Finally, the Henry's Fork, below the town of Ashton, Idaho, is a viable winter fishing option. Like the South Fork the Henry's sustains healthy populations of brown and rainbow trout with many larger specimens available. The year round stretches are located below Vernon Bridge, a few miles southwest of Ashton, and from the confluence of the Warm River to Ashton Reservoir, north of town. The river is approximately seventy miles from Jackson; however, travel times are variable due to weather conditions and road closures.

The limiting factor when fishing on these streams in the winter is access. Many boat ramps are not plowed and in heavy snow years finding decent put in and take outs can be difficult if not impossible. Do not let the lack of boat access deter you. The upside to winter angling is that winter water flows are quite low, and open up a myriad of wading options not available during the spring, summer and early fall.

In many sections of these rivers low water levels can do significant damage to a fiberglass hull of a boat and slow progress, leaving less time to wet a line. Wading is the best way to reach winter fish and prolong time on the water during the shorter winter days. As always, pay attention to private property markers and access limitations, and if there is a heavy snowpack, snowshoes or cross country skis may become necessary in some areas. Winter Tactics and Techniques.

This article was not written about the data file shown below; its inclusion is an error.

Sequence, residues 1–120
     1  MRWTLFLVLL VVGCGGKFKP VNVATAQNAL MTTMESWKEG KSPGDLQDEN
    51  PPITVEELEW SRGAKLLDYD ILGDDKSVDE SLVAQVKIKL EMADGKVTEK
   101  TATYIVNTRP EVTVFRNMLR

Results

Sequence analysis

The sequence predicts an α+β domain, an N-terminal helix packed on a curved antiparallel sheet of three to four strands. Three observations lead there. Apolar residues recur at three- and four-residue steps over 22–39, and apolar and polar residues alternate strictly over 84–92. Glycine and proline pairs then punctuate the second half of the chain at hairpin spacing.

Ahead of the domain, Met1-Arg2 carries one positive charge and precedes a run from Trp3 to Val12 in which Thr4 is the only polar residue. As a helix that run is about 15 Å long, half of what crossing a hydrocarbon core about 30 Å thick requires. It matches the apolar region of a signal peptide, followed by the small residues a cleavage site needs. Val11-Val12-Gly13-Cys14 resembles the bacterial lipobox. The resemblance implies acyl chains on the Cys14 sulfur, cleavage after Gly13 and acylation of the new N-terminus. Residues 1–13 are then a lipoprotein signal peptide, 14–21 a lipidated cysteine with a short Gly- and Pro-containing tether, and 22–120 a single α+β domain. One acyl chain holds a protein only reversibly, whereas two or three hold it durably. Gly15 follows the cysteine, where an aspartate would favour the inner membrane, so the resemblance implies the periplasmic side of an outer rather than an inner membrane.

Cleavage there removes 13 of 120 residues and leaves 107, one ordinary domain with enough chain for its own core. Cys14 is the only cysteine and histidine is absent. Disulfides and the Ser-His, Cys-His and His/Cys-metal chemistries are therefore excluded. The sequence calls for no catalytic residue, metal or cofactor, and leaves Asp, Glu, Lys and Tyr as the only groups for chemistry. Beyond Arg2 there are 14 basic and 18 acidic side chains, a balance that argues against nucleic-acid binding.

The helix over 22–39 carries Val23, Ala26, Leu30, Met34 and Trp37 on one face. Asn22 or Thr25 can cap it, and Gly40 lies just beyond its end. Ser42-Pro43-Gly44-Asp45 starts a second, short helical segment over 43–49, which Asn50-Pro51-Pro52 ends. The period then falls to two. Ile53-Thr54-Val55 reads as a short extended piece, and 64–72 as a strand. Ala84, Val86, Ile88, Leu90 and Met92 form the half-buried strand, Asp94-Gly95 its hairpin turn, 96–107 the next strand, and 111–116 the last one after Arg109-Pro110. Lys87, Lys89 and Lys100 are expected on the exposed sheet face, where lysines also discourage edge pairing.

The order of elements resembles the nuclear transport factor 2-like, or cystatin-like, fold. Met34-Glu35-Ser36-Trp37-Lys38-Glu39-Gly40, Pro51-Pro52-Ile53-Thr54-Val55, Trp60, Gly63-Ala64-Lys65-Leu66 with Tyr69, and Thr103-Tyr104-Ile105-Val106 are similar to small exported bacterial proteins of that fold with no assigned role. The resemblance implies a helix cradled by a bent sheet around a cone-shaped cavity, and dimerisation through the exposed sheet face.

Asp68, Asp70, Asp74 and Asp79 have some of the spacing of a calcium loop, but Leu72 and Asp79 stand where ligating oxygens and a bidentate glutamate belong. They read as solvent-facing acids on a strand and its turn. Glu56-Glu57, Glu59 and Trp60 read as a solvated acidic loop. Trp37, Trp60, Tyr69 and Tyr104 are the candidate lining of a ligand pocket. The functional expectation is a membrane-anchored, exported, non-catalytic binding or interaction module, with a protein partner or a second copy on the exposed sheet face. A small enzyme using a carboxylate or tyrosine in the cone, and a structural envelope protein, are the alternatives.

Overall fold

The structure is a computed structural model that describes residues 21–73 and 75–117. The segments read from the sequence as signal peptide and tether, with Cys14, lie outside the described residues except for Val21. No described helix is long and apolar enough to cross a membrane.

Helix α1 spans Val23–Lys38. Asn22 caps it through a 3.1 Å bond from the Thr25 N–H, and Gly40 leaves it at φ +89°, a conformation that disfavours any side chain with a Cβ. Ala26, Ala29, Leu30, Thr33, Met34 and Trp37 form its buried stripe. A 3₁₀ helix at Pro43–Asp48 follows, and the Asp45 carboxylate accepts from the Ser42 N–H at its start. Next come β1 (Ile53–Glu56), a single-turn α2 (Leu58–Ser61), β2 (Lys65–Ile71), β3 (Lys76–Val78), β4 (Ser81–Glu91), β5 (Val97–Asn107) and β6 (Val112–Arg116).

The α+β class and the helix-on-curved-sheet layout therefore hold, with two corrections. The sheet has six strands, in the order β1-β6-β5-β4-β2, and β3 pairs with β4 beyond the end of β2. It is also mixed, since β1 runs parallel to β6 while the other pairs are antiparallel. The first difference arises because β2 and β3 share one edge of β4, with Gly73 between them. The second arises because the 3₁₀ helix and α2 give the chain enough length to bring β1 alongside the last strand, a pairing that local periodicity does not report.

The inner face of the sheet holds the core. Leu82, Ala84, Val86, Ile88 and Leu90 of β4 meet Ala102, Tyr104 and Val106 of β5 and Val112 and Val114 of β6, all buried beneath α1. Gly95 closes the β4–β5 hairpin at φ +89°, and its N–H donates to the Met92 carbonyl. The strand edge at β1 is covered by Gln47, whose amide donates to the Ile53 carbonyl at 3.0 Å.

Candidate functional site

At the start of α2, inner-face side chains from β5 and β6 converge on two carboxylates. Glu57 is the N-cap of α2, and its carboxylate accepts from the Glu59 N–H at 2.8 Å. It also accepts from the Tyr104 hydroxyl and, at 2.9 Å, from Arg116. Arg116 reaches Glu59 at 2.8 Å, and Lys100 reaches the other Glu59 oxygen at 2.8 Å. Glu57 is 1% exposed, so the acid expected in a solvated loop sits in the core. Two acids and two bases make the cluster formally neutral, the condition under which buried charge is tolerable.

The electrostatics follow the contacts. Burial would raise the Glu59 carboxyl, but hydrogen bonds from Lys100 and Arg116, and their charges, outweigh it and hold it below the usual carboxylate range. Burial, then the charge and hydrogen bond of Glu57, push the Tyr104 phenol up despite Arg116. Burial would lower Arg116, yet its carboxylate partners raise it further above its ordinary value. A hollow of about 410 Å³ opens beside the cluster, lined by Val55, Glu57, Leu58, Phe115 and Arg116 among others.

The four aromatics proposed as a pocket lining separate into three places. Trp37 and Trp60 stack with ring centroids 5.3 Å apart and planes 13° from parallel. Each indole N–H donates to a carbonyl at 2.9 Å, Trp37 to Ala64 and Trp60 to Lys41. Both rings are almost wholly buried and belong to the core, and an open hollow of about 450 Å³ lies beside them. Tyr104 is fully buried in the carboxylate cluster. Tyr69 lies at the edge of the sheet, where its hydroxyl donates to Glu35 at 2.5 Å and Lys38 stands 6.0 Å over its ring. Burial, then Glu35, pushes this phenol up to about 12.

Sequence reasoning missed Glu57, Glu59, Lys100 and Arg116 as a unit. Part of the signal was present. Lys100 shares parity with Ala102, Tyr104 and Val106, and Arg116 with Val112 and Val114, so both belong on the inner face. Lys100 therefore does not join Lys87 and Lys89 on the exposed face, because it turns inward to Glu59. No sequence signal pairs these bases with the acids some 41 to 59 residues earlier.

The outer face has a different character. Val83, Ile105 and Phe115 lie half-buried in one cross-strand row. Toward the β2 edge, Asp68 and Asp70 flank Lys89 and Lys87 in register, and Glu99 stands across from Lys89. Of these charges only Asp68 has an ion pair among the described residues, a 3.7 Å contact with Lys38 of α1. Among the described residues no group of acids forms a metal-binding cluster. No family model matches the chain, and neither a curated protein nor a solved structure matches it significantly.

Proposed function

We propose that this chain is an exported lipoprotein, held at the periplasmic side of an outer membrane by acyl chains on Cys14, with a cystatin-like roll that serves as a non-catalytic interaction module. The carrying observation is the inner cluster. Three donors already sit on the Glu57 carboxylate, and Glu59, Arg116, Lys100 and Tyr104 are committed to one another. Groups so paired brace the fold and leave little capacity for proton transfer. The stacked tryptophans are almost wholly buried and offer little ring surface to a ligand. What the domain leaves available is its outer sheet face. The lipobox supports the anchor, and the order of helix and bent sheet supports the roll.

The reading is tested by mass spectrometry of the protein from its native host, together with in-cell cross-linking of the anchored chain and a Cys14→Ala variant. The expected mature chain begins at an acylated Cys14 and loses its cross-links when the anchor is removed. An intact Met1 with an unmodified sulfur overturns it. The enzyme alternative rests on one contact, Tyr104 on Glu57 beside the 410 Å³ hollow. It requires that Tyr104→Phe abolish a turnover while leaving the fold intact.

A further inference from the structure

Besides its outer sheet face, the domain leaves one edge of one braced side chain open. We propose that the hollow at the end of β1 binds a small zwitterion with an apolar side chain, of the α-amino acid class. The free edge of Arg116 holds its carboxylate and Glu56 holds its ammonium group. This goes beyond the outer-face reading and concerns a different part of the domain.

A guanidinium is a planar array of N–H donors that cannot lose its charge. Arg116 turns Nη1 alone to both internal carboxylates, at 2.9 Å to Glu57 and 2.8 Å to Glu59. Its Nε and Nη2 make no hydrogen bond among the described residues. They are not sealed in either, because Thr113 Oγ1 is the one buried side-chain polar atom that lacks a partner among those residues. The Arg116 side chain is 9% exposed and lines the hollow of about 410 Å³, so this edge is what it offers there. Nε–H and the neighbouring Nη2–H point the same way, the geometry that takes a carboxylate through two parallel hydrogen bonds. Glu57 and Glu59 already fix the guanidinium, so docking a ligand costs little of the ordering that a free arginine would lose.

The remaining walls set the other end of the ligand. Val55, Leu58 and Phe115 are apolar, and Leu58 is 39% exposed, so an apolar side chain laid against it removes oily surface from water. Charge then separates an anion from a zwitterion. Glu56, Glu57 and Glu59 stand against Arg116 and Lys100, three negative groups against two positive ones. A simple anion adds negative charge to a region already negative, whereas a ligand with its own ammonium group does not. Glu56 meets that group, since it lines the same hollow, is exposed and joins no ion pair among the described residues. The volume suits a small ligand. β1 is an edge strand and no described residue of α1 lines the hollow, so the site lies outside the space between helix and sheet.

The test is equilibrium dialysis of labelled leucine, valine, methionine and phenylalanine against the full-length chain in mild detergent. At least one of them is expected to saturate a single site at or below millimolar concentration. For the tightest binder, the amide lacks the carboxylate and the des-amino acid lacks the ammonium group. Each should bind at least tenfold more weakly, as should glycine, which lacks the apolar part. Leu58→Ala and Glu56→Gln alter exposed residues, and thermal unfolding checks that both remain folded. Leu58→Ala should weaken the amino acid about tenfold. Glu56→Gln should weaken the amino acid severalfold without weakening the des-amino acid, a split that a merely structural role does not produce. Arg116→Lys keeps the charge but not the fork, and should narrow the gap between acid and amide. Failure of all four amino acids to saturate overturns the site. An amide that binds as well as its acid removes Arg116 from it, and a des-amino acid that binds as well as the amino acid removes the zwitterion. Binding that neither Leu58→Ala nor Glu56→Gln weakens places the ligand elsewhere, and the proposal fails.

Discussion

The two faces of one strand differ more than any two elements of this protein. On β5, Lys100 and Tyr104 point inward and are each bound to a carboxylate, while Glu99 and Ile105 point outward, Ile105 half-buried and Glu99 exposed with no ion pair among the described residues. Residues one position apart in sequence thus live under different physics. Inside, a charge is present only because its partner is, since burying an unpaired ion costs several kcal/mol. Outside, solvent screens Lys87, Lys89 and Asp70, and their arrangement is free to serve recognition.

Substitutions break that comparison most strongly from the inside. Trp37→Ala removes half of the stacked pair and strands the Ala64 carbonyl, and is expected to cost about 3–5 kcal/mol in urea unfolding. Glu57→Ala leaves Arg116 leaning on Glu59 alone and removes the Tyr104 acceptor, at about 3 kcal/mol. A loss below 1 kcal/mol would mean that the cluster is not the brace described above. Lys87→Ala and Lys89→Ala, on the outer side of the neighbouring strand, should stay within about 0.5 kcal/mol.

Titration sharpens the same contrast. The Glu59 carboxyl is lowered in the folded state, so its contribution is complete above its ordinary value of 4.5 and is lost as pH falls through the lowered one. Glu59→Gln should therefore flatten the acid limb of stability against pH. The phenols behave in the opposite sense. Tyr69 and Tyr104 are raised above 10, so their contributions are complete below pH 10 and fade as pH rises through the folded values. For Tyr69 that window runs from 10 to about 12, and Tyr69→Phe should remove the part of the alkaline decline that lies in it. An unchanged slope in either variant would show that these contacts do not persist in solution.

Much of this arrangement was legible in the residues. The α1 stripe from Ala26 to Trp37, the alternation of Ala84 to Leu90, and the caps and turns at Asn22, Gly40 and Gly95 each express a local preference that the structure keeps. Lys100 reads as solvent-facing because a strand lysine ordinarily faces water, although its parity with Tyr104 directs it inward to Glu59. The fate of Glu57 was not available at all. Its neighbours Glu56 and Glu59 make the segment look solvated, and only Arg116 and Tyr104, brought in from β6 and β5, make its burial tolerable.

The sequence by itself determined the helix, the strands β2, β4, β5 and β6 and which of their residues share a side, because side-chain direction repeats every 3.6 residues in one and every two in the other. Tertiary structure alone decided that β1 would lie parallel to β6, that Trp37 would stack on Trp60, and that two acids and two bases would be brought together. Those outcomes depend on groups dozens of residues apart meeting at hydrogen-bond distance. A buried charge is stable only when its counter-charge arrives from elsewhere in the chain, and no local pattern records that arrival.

Standard trout tactics will catch winter fish; nymphs, streamers and dry flies are all productive methods when applied at the right time and place. Understanding how trout feed and behave in low water levels and low temperatures will increase your success rate dramatically. First, because trout are cold blooded their metabolism lowers during the winter season. The fish still feed, but they are reluctant to move long distances and expend valuable energy intercepting food. They let the food come to them. Most often the fish will pod up in the winter time, collecting in groups at prime feeding stations which consist of deeper runs with slow to moderate current speeds. Holding on the river bottom in slower currents, the fish are able to expend a minimal amount of energy while maximizing their consumption of nymphs and larva that are active in the stream bed. With this knowledge the angler can make adjustments to his/her approach accordingly; read the water, look for slow, deep runs with good structure and visible current seams.